Free Trade Agreements (FTA) in Asia

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Module Asian Free Trade Agreements (FTA) - Master and Doctorate in Business in Asia (eLearning)

The module “Asian Free Trade Agreements” is part of the following Online Higher Education Programs (Online Master of Science) taught by EENI Business School & HA University:
  1. Doctorate in Business in Asia
  2. Master of Science in Business in Asia
  3. Master of Science in International Economic Relations

Online Students, Master in International Business

In Asia there are several Trade Agreements (Free Trade Agreements, Economic Partnership...), both regional and extra-regional:

  1. Intra-regional: ASEAN, South Asian Association for Regional Cooperation (SAARC), Bay of Bengal Initiative (BIMSTEC), South Asian Free-Trade Area (SAFTA), Eurasian Economic Community (EurAsEc), Economic Cooperation Organisation (ECO)
  2. Extra-regional: Trans-Pacific Agreement, APEC, agreements with the European Union (EU)
  3. Bilateral intra-regional: China-ASEAN, India-Korea
  4. Bilateral extra-regional: China-Chile, Mexico-Japan

Furthermore, each Asian Country can have Free Trade Agreements (FTA) with third countries. For example, Singapore has trade agreements with Peru, Panama, Australia, China, Korea, the European Free Trade Association (EFTA), the United States, Japan, Jordan, New Zealand, and India, and is a member of the Trans-Pacific Strategic Economic Partnership Agreement.

A company wishing to do business in Asia should know all these agreements in force for all the target markets in the region.

The Online Master of Science in Business in Asia and the Doctorate includes the following Free Trade Agreements (FTA) and institutions related to foreign trade in the region.

Master: Asia Free Trade Agreements
Source: Economic and Social Commission for Asia.

Master: Asia Trade Agreements
  1. Asia-Pacific Trade Agreement
  2. Trans-Pacific Strategic Economic Partnership Agreement

Free Trade Agreements of India.

  1. India-Sri Lanka
  2. India-Thailand
  3. India-Singapore
  4. India-Chile
  5. India-MERCOSUR
  6. Andean Community-India
  7. India-South Korea
  8. India-European Union
  9. India-New Zealand
  10. India-Mauritius
  11. ASEAN-India
  12. India-Southern Africa Customs Union

Proposed/Under consultation and study.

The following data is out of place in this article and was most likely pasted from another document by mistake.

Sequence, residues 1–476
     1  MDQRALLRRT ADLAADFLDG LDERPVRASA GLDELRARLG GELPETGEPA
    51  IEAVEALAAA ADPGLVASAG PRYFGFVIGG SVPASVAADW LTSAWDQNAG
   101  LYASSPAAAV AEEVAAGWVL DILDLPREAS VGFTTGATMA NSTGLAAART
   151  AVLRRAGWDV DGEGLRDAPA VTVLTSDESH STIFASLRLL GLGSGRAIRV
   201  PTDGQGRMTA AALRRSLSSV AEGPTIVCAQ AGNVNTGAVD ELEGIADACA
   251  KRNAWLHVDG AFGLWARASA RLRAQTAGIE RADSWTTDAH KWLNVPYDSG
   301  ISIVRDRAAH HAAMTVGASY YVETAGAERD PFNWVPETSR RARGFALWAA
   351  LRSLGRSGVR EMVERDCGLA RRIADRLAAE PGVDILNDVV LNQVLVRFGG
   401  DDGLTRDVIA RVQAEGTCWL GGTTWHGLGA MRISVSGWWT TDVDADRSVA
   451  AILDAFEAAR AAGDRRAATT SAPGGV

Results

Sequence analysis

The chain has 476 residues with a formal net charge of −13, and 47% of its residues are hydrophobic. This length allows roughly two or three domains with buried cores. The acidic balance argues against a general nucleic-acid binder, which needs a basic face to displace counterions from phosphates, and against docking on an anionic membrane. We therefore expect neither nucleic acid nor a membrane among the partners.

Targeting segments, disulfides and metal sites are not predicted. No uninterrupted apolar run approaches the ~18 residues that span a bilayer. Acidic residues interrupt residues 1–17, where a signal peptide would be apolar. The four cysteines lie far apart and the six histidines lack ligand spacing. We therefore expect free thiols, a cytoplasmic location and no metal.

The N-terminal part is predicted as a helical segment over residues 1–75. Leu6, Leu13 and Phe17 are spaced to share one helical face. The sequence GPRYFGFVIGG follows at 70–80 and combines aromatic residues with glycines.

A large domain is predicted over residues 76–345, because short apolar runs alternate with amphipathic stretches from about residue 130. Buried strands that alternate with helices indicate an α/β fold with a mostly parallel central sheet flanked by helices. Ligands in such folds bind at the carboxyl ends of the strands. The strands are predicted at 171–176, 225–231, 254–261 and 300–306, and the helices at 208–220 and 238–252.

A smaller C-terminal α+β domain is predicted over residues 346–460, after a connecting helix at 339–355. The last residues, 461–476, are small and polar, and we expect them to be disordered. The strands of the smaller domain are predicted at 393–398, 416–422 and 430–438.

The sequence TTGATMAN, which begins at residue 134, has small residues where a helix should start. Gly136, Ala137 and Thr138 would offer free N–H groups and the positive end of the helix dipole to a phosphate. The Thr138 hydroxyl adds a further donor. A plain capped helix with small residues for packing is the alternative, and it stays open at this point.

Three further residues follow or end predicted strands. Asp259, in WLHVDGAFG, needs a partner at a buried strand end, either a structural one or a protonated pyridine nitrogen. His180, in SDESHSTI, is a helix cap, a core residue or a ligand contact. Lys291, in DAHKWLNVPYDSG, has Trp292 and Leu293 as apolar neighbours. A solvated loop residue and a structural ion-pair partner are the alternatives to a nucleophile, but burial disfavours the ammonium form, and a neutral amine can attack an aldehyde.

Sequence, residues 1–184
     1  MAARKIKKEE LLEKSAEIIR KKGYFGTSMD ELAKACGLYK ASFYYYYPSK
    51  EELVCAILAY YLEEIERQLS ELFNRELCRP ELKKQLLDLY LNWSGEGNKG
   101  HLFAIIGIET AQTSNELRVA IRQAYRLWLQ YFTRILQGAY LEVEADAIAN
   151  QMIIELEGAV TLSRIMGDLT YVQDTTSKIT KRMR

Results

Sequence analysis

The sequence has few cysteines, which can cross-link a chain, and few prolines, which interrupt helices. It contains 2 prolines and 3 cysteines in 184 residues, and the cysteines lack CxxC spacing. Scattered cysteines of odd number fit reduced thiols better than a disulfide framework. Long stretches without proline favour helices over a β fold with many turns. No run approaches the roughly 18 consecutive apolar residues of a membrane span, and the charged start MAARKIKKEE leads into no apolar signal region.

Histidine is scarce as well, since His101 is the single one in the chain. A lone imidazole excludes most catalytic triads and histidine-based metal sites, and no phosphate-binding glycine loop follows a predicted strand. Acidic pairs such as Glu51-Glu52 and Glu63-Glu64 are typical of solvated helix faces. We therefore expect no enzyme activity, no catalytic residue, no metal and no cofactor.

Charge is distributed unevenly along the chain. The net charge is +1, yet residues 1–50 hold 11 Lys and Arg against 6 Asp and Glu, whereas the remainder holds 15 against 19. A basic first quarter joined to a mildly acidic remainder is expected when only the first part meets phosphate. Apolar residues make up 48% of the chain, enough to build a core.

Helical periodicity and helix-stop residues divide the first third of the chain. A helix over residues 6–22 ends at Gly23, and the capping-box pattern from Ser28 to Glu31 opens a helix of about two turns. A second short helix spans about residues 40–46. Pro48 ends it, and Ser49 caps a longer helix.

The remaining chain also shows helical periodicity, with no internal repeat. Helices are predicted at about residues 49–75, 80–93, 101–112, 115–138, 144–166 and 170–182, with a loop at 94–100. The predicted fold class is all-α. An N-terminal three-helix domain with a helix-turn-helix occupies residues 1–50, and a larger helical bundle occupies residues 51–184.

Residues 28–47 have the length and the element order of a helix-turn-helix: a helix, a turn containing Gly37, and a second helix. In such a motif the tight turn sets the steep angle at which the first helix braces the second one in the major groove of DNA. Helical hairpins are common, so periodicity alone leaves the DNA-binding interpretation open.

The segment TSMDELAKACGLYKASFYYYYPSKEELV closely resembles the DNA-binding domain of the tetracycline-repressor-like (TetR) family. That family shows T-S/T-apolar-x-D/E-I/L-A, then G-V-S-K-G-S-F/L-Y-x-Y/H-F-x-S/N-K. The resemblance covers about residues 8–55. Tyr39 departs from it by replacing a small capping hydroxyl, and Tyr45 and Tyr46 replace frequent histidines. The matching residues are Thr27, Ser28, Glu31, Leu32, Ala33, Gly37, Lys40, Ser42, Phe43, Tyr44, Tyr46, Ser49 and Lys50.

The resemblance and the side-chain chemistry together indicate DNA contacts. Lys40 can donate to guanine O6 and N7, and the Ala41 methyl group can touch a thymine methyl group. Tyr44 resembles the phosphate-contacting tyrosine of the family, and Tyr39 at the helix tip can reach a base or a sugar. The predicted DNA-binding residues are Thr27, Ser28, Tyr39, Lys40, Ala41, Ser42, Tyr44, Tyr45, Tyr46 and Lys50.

1. India-Indonesia
  2. India-Cooperation Council for the Arab States of the Gulf
  3. India-Canada
  4. India-Australia
  5. India-European Free Trade Association (EFTA)

Free Trade Agreement (FTA) of China.

  1. China-ASEAN
  2. China-Pakistan
  3. China-New Zealand
  4. China-Singapore
  5. European Union-China
  6. China-Chile
  7. Andean Community-China
  8. China-Peru
  9. China-Costa Rica

Trade Agreements (other ASEAN Countries):

  1. ASEAN-Canada
  2. ASEAN-Australia-New Zealand
  3. ASEAN-European Union
  4. ASEAN-Japan
  5. ASEAN-Korea
  6. ASEAN-Russia
  7. ASEAN-United States
  8. ASEAN-Pakistan
  9. India-Thailand
  10. India-Indonesia

Singapore.

  1. Singapore-Korea
  2. Singapore-Australia
  3. Singapore-New Zealand
  4. United States-Singapore
  5. Singapore-Peru
  6. Singapore-Panama
  7. Singapore-European Free Trade Association (EFTA)
  8. Singapore-Japan
  9. Singapore-Jordan

Agreements (other Asian Countries):

  1. Preferential Trade Area Mauritius-Pakistan
  2. United States-Korea
  3. European Union-South Korea
  4. South Korea-Chile
  5. Peru-South Korea
  6. Mexico-Japan
  7. Taiwan-Nicaragua
  8. Panama-Taiwan
  9. Guatemala-Taiwan
  10. Taiwan-Honduras-El Salvador
  11. United States-Australia
  12. Australia-Chile

If the country of the exporter (or importer):

a) Has Agreements in force with some Asian Country:

The exporter should take advantages of the agreement (tariff reductions, rules and certificate of origin, technical standards, investment, Intellectual Property Rights (IPR), public procurement, trade in services...) however, also needs to know if other countries may have agreements in force with one of these countries.

b) Has no agreement in force with any Asian Country:

One possible scenario is that another country (or region) can have an agreement in force with the Asian Countries. Then, the exporter has a disadvantage.

All these factors are essential to design and adapt the International Marketing strategy for each target market in Asia.

For example, an Argentinian company wishing to export to Singapore would be at a disadvantage with a Peruvian, Panamanian or Chinese company, as both Peru, Panama, and China have a Trade Agreement in force with Singapore, and the Peruvian, Panamanian or Chinese company have all the advantages inherent to the FTA (although each agreement may vary in content). The Argentinian company should consider this factor in its export strategy to the region.





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Master: Asia-Pacific Trade Agreement APTA

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